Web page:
With trades and skills moving offshore, manufacturing in Australia has been a hot topic for the industry. We talk to Anton Schiavello about how they are keeping the sector alive, and how they are working closely with the next generation of design talent.
March 2nd, 2018
It’s long been touted that manufacturing in Australia is dead. The same has even been said about print, alas, it’s just not the case. If anything, these vestiges of a by-gone era are now being revered and respected. And manufacturing falls into that too.
There is still a bastion of manufacturing left in Australia though. With more than 600 employees and 70,000 square metres of factory floor, Schiavello has been forging the way ahead.
Part of the next generation leading that charge is Anton Schiavello, the design and marketing director at Schiavello. Anton is deeply passionate about manufacturing sharing that, “The essence of manufacturing in Australia really comes down to the fact that you’re supporting the lives of the people that live and breath it, and the economy that we live in.”
Keeping manufacturing alive hasn’t been a snap decision. “The way that we’ve been able to keep our manufacturing in Australia, is actually by being innovative – and exploring ways to be cost comparative and to always provide value. That’s the only way that anyone can survive in any market, but in Australia especially, as it’s a very competitive landscape. Asia is located right next to us. We have to be really, really smart in the way that we strategically produce product and ultimately manufacture the product,” says Anton.
Part of ensuring a sound future for manufacturing is by working hand-in-hand with designers. In particular, Schiavello is a big supporter of emerging talent. But how does someone fresh in the industry get ahead? Anton’s advice is clear, “It’s all about knowledge and relationships. At the end of the day, if you have a good knowledge base, that knowledge can inform your designs and a better product outcome.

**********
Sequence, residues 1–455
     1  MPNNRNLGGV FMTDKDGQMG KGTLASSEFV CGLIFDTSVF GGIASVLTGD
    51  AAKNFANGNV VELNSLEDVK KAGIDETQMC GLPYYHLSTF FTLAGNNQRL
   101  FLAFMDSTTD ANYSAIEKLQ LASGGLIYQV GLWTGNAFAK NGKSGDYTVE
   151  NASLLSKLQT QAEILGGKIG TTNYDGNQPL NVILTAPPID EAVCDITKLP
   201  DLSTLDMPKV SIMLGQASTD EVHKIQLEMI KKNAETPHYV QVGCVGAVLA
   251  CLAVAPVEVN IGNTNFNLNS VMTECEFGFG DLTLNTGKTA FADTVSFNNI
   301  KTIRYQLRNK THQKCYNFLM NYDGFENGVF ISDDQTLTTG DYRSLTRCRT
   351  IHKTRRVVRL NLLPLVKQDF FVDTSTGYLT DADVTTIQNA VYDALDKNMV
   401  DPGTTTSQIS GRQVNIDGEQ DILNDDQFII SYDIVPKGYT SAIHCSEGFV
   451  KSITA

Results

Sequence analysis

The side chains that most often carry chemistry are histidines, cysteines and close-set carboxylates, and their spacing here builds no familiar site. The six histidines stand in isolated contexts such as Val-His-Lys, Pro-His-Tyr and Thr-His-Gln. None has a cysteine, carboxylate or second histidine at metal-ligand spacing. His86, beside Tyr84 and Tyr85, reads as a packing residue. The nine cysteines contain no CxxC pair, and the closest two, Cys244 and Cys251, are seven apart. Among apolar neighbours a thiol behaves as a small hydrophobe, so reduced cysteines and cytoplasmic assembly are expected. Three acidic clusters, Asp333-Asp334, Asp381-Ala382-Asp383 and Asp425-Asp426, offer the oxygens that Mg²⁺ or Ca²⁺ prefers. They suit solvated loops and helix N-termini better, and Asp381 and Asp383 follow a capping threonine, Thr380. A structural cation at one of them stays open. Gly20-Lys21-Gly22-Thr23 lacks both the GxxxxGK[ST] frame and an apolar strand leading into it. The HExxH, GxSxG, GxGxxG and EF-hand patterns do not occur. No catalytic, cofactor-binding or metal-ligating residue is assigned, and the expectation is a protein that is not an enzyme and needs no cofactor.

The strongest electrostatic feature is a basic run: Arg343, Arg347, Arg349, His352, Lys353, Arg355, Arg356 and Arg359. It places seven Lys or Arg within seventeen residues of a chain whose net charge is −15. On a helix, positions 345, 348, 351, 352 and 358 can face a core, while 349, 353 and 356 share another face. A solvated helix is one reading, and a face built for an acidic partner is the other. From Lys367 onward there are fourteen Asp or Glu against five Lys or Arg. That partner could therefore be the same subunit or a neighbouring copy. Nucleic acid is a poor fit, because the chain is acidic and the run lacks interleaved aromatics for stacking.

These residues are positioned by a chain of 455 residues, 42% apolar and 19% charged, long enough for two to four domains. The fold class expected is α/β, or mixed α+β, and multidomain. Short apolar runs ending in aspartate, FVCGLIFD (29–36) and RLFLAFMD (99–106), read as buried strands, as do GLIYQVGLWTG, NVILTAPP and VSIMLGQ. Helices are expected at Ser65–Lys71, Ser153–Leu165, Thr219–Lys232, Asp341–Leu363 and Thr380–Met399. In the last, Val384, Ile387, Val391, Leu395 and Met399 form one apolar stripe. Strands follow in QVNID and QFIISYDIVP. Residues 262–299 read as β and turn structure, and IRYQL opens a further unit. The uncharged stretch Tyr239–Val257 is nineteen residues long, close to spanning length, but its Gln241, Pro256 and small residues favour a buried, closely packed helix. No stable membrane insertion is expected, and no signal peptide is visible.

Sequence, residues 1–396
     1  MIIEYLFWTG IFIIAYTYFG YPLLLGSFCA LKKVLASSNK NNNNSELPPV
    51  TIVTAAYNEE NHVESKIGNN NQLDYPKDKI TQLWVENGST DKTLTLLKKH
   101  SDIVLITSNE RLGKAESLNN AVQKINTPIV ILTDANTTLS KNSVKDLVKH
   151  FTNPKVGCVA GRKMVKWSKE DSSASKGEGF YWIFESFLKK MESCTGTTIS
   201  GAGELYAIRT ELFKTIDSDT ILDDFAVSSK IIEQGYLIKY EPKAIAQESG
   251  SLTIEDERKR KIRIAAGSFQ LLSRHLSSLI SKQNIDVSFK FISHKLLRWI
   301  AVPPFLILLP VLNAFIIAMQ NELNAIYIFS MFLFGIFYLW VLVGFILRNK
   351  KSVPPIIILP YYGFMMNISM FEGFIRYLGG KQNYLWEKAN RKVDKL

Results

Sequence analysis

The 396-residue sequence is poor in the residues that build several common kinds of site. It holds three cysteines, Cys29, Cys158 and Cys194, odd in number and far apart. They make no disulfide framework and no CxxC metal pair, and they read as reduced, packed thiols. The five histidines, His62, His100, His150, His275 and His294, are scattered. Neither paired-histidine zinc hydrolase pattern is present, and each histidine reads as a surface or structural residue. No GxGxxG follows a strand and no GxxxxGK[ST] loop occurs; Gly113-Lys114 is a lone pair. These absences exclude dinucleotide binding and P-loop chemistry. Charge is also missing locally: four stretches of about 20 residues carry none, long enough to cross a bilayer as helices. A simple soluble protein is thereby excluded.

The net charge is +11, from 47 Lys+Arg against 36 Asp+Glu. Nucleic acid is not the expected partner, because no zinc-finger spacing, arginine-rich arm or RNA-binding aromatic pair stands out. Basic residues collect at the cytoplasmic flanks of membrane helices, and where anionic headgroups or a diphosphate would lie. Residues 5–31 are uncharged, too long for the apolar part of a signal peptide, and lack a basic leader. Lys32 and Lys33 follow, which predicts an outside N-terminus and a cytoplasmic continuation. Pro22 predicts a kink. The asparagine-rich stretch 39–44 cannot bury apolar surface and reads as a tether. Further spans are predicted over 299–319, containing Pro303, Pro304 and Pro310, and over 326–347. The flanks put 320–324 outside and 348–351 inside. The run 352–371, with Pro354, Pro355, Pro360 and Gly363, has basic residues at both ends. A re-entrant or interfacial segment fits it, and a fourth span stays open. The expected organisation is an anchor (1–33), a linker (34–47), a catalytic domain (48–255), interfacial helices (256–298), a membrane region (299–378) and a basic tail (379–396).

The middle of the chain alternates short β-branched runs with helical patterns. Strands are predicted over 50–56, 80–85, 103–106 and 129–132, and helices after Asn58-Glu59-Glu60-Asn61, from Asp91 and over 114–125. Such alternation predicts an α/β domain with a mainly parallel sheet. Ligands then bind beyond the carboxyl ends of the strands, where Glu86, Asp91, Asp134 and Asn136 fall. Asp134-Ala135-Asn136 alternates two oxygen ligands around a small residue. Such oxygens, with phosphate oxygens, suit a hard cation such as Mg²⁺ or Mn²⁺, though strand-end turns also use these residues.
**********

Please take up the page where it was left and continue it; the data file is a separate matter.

“You don’t have to be a specialist or an expert in the manufacturing of metals, or timbers, but if you have some basic knowledge of how things are made then it allows the actual design to come to life efficiently.”
It could be easier said than done, but Anton also offers up insight for how to gain this kind of expertise, “This kind of knowledge can generally be found by visiting factories and understanding the processes and the capabilities or limitations of different machines and materials. Things like – what is the tightest fold of radius on a sheet of metal?”
In spite of the solemn cries against the decline of local manufacturing, Anton remains positive. He has seen a change in the industry that adds a spark of hope for what might lie ahead.
“I’ve seen people being more open to collaboration and supporting one another, even if someone is possibly a competitor in another space. There’s an understanding that working together in a united industry is positive for everyone. I call this the maturing of the market. That’s where we’re going,” states Anton.
Schiavello is the Principal Partner of Launch Pad. Now in its 15th year, Launch Pad is more than an industrial design competition, it’s a mentoring program that has launched the careers of many of Australia’s industrial design talent. It also takes your prototype into production. Entries close on Monday 12 March.
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